Introducing Audubon’s Migratory Bird Initiative—and How You Can HelpIntroducing Audubon’s Migratory Bird Initiative—and How You Can Help

Spread the love

My fascination with birds didn’t start until I was an undergraduate student at Indiana University of Pennsylvania. It was there that I had the opportunity to hold my first bird—a Black-capped Chickadee—as part of an ornithology course.

When I held it, I was in awe of its beauty—the details of its plumage, its small and delicate body – but at the same time I was struck by its tenacity at trying to escape. That’s when my career in birds took flight.

Not long afterwards I was traveling through Mexico and encountered many familiar birds from home, not the Black-capped Chickadee, but rather many other songbirds, shorebirds and waterfowl I became familiar with. It made me wonder about why birds migrate and how they do it, especially the small ones. Since then I’ve devoted my career to studying bird migration.

As a migration scientist, I’m often asked to share interesting facts or stories about migratory birds, but it’s quite difficult to settle on just one. Migratory birds defy our perception of reality in so many ways there’s no shortage of stories. For example, should I tell them about Blackpoll Warblers, which weigh only as much as two quarters and travel three days nonstop across the Atlantic Ocean? Or should I explain to them how Broad-winged Hawks migrate in large flocks, called “kettles,” by the thousands, soaring on thermals from their breeding grounds to wintering habitat thousands of miles away. More than 1.5 million of these amazing birds pass through a narrow migration bottleneck in coastal Veracruz each fall.

Of course, once I convince people how incredible migratory birds are—and it’s usually clear by the look of amazement on their faces—I tell them about the accumulating threats to birds, of which there is no shortage. Habitat loss and alteration, tall human-made structures, introduced species, and, of course, climate change are driving population declines in more than half of North America’s bird species.

To protect birds, we need not only to protect the places they breed and overwinter, but also to protect the migratory pathways they use and reduce the threats they face at these places. To achieve that goal, the National Audubon Society has launched the Migratory Bird Initiative.

The Initiative brings together the latest research on species distributions and movements across the full annual cycle as for 520 species of migratory birds in the Western Hemisphere. Audubon will gather three types of location data: occurrence (e.g. eBird, Christmas Bird Count), connectivity (e.g. banding data), and pathway (e.g. satellite or radio telemetry, geolocation).

Here’s the thing: no one has done this before, so there is no single repository for this kind of research for so many species of birds. This means Audubon, through partnerships and old-fashioned retail outreach, will be acquiring this information wherever it exists.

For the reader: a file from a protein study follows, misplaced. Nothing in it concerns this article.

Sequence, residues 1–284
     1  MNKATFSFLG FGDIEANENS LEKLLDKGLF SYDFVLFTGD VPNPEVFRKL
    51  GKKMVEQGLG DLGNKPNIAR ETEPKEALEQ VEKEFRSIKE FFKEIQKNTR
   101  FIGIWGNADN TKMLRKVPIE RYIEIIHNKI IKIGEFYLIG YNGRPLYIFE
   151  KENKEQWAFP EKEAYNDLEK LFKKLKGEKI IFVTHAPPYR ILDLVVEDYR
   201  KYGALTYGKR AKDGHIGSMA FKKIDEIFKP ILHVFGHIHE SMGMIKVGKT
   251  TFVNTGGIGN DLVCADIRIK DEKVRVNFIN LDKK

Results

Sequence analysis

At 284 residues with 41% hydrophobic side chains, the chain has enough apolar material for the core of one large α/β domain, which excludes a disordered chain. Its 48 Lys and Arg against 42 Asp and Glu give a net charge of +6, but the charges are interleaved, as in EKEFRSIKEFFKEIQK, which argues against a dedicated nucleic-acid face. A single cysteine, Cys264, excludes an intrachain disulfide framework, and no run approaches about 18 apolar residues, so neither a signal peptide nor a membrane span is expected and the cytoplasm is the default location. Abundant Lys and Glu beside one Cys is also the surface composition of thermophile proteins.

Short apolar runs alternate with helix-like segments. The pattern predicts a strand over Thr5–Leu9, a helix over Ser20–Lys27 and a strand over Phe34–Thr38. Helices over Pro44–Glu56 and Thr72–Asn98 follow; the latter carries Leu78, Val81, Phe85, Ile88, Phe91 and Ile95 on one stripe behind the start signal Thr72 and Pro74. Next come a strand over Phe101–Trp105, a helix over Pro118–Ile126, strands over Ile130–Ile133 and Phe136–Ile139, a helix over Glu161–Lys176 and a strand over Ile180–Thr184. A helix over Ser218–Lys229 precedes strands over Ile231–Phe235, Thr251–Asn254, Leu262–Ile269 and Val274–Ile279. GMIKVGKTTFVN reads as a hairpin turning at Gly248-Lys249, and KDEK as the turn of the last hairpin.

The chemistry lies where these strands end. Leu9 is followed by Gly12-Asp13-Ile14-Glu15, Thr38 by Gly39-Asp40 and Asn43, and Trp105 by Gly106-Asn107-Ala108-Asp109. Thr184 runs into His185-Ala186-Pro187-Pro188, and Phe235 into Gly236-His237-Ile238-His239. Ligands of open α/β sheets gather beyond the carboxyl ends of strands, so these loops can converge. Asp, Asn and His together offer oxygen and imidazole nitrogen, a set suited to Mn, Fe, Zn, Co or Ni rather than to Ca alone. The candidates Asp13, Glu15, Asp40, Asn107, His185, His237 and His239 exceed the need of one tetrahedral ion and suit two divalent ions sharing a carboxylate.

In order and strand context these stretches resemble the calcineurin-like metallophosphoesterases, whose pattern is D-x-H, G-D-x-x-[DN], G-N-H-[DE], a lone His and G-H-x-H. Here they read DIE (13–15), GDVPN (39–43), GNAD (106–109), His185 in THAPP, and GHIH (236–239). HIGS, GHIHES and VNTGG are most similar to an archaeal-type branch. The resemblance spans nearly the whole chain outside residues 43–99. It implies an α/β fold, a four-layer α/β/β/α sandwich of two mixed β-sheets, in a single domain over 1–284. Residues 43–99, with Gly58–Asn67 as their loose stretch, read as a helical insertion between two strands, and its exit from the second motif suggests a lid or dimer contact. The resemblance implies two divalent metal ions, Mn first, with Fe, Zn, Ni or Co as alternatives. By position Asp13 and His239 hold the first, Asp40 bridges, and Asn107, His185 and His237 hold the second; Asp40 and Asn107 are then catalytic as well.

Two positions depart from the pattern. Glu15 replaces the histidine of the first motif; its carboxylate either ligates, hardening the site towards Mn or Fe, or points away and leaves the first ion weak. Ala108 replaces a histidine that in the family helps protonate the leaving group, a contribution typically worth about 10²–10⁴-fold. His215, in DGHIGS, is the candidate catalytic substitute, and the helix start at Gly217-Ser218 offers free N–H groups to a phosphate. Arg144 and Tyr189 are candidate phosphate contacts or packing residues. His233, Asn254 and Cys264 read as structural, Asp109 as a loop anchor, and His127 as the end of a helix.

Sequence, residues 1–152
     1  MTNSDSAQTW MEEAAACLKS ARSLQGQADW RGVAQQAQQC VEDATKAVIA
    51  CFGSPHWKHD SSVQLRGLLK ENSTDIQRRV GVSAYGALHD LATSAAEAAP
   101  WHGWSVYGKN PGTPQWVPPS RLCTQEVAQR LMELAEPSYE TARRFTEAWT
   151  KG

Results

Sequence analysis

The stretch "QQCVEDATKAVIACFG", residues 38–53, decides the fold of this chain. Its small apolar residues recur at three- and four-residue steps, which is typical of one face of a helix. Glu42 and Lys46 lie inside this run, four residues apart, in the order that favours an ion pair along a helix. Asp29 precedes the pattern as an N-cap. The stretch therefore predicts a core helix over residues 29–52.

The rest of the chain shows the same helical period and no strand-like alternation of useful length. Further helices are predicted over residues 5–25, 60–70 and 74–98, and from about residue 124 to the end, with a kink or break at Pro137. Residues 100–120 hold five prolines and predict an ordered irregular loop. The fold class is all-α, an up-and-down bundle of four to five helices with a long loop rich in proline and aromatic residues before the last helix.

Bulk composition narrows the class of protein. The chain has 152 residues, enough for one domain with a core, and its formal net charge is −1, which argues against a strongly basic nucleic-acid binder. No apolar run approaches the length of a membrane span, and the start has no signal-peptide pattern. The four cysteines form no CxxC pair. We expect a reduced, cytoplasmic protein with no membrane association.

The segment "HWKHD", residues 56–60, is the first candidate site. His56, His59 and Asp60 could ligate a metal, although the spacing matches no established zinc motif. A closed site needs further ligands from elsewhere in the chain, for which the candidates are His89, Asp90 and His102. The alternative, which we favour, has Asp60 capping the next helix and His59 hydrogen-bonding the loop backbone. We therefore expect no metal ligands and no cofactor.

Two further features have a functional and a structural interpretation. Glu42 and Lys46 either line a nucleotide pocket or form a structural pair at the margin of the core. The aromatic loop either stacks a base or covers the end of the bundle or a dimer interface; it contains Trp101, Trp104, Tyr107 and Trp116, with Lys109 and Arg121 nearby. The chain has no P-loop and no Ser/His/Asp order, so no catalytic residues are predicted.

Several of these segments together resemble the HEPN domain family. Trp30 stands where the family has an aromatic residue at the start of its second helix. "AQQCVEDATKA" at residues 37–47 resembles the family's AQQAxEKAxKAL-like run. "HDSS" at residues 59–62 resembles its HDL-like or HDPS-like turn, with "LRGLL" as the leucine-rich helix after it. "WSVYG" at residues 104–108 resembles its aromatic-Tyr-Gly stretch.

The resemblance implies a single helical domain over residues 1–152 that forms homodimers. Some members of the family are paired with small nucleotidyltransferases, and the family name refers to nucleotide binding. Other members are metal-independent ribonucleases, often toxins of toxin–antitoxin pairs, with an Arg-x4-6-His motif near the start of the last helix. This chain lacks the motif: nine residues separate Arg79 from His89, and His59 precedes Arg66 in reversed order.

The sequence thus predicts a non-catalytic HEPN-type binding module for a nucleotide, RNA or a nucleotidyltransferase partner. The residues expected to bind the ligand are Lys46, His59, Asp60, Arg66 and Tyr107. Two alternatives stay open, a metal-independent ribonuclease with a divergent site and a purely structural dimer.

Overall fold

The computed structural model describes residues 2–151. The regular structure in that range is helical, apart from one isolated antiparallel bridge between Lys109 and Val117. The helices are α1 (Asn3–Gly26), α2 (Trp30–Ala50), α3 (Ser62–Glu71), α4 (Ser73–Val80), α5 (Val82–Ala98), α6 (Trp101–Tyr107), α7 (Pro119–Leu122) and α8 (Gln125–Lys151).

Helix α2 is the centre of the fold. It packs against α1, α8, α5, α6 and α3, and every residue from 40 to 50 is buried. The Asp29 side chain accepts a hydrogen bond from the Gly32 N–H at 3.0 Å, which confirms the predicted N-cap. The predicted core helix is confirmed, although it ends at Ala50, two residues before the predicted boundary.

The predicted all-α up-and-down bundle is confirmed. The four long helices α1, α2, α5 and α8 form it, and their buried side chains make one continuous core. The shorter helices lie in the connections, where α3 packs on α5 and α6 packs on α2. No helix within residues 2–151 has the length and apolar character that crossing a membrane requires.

Every last bit of research on these species will help Audubon build our migration database, so please keep participating in your Christmas Bird Counts and submitting eBird checklists! If you are a researcher, please consider contributing your data to this cause.

As mentioned above, partnerships will be central to our success, because protecting migratory birds is too big of a problem for any of us to tackle alone. Thankfully, science groups like the Cornell Lab of Ornithology, the Smithsonian Migratory Bird Center, Bird Studies Canada, other key research institutions as well as thousands of research scientists across the Americas are collecting data on migratory birds that form the foundation of effective conservation and policy strategies. Conservation agencies, like BirdLife International, American Bird Observatory and SELVA, among many others, are using science to develop and implement conservation strategies.

Of course, we are also working with teams across the National Audubon Society network.We look forward to working with state offices, centers and chapters to create the roadmap to conservation success that we all can work from to protect birds and the places they need today and tomorrow. Most importantly, we will engage people in the joy and stories of migration to inspire them to take their own actions to protect the places that matter most across the Americas.

The Migratory Bird Initiative is just taking flight, so please stay tuned for more. In the meantime, read some of our recent stories about the incredible science and scientists studying migratory birds. If you’re interested in learning more about how you can contribute data please email us at migratorybirds@audubon.org.

Read more: audubon.org

Leave a Reply

Your email address will not be published. Required fields are marked *